Interview: Catalyst Cloud on the second wave of cloud innovation
As more workloads move to the cloud, organisations are learning to reconfigure their systems in a way that allows them to take full advantage of the flexibility and scalability that comes with the cloud.
However, research from Capgemini, Forbes and others indicate that cloud adoption in Australia and New Zealand still lag a few years behind North America and Europe.
Techday spoke to Catalyst Cloud managing director Bruno Lago where cloud adoption in these regions is headed.
How has the adoption of cloud technologies in New Zealand and Australia impacted the growth of Catalyst Cloud in NZ?
It is commonly thought that NZ and Australia are early adopters of cloud computing, but research from Capgemini, Forbes and others indicate that cloud adoption in these markets lag a few years behind North America and Europe.
That said, growth in the APAC region has been solid and is estimated to reach USD $23.8 billion in 2020.
Launched in early 2014, Catalyst Cloud benefited from the latent pain and demand in the New Zealand market for true cloud computing services.
The services being marketed as cloud back then didn’t meet the five essential characteristics of cloud computing according to NIST.
Being the first true cloud provider market in NZ allowed us to grow two times faster than the growth rates forecast by Forrester Research for the APAC region.
What are the most important trends impacting cloud adoption in New Zealand currently?
The demand for Software-as-a-Service solutions is very high in New Zealand and surpasses the growth and adoption of PaaS (Platform-as-a-Service) and IaaS (Infrastructure-as-a-Service).
Forrester research estimates the SaaS market in APAC is currently double the size of PaaS and IaaS combined.
This is no surprise, because SaaS is considered the easiest and quickest path for most businesses to realise the benefits of cloud computing.
For businesses that develop and/or run their own applications, there is a strong preference and a shift towards platform services like Kubernetes or Serverless computing.
PaaS frees more of their developers’ time from maintenance tasks, enabling them to focus on things that matter and differentiate their business.
Many organisations have initially migrated their existing systems as they are to the cloud – a ‘lift and shift’ approach.
They are now moving to the next step on their journey and starting to transform these systems, so they can fully realise the benefits of cloud computing.
They are adopting cloud-native architecture patterns, DevOps practices (such as infrastructure as code) and modern tools that are a better fit for the job.
The days of having a single cloud provider are gone.
Most organisations we know have multiple public cloud providers and often private cloud solutions.
They are sourcing services according to the strength, suitability and price of each provider.
As a consequence, technologies that abstract differences between cloud providers (like Kubernetes) are increasing in popularity.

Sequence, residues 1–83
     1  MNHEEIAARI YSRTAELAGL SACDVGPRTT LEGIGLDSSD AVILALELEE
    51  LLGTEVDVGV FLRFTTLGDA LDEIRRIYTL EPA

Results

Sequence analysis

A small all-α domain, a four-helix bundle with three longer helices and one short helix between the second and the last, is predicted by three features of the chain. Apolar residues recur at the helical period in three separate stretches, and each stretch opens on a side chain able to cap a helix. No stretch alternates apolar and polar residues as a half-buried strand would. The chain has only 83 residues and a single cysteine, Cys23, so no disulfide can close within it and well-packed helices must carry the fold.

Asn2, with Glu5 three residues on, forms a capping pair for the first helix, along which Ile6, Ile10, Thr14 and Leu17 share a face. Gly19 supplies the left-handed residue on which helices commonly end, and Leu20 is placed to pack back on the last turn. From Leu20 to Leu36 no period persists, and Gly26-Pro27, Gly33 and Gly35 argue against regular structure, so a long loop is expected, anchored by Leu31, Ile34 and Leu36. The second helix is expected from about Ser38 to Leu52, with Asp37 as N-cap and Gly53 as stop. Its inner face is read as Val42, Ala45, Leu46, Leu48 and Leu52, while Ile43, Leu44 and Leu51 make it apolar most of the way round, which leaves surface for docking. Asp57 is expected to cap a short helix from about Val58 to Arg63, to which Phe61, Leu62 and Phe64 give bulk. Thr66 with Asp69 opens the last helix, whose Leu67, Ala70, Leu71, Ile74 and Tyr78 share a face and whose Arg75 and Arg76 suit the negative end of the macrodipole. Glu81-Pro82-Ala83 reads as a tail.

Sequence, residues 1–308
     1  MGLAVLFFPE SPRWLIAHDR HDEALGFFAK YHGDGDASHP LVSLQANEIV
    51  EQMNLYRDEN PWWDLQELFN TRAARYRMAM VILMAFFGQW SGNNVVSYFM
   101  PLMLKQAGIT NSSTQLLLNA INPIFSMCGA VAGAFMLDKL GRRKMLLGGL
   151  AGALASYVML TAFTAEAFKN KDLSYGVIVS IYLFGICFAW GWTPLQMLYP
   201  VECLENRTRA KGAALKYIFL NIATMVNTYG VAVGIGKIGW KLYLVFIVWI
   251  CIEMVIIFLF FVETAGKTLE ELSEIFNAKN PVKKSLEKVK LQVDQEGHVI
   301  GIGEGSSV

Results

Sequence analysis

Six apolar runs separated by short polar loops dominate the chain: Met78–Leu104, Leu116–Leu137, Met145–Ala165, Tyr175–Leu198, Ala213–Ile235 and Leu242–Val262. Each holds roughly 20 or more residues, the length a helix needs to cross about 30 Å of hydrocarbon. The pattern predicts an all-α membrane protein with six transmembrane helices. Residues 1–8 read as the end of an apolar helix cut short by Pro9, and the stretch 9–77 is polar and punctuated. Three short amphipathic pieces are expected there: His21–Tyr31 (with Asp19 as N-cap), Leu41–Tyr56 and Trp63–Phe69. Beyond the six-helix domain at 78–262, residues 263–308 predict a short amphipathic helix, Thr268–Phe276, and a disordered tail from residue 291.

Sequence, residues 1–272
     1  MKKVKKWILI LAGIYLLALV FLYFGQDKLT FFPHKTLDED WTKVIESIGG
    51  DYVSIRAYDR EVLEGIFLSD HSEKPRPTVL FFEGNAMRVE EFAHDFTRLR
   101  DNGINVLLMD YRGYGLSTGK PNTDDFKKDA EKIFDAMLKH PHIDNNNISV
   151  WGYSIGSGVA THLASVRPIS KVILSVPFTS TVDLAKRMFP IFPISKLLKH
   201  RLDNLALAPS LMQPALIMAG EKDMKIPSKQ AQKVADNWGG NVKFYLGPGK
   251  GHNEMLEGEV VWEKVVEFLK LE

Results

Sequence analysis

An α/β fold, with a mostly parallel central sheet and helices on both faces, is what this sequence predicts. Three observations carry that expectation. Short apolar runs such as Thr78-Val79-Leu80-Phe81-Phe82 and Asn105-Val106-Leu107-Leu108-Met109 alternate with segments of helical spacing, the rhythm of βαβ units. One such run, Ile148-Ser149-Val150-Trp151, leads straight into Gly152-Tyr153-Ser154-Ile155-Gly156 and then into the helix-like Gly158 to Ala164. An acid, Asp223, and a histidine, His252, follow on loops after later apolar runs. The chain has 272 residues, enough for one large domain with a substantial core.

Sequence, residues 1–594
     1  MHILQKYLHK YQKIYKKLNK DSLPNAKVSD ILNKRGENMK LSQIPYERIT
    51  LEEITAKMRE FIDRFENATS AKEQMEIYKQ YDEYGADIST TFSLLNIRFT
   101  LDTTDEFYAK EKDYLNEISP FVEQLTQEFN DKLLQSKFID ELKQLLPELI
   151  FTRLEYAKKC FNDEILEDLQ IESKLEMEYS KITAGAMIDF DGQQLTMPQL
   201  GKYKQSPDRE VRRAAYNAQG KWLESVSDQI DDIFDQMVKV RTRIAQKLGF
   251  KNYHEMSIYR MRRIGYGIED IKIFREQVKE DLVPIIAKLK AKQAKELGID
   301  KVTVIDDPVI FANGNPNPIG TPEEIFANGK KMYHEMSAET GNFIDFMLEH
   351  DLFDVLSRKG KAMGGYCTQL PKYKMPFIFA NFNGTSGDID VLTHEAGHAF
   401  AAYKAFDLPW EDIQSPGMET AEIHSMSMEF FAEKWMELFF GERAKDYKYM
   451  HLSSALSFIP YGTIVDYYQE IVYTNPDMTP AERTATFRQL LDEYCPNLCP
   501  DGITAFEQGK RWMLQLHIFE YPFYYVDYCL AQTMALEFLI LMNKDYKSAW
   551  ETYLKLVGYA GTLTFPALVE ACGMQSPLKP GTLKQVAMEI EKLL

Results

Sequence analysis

What is Catalyst Cloud doing to take advantage of these trends?
In October 2018, Catalyst Cloud released New Zealand’s first Cloud Native Computing Foundation (CNCF) certified Kubernetes platform.
This puts Catalyst Cloud among the front-runners of companies worldwide developing emerging standards for cloud computing and provides a solution to the New Zealand market.
Acknowledging benefits and market demand for private cloud computing, we have also developed a managed private cloud service that builds on our proven experience in running NZ’s most advanced public cloud.
In essence, we manage private cloud regions as if they were part of the Catalyst's public cloud, using the same software, team, and operational procedures.
A key point of difference of this service is that it truly delivers our full cloud service catalogue to customers (Kubernetes, Compute, Object Storage, etc.) not just a few selected services.
Why was there a need to offer a Kubernetes service in New Zealand?
The number of organisations that need to host their applications in the country is still very high.
Common reasons for this include reduced network latency (better performance to end-users based in NZ), reduced cost of data transfer (transferring data within NZ is cheaper than sending data to Australia or USA), better face-to-face support, desire to support the local industry, privacy and data sovereignty constraints.
In my personal opinion, not having true cloud computing onshore is not acceptable to any country that acknowledges the importance of the digital economy to its future.
Cloud computing is an essential infrastructure for the digital age and as essential as generating our own power; we wouldn’t dream of sourcing all our electricity from Australia.
Nowadays, consumers of digital services expect the applications they use to be available and functional all the time.
This expectation is leading IT professionals to research, develop and adopt architectural patterns that enable more efficient delivery of digital services.
The demand and use of containers and Kubernetes come from a deep realisation that there is a better way to package, deploy and run applications.
While the patterns employed by these technologies aren’t new, they have certainly made them easier to understand and consume.
What was once available to only a few IT giants is now accessible to every individual and business out there.
At Catalyst Cloud we consider Kubernetes the second wave of innovation in cloud computing (Cloud 2.0).
When it comes to digital services, the levels of efficiency and agility it enables is a quantum leap compared to previous technologies.
This will enable early adopters to once again disrupt their respective industries and demonstrate they can be much more cost-effective and agile to respond to customers’ demand.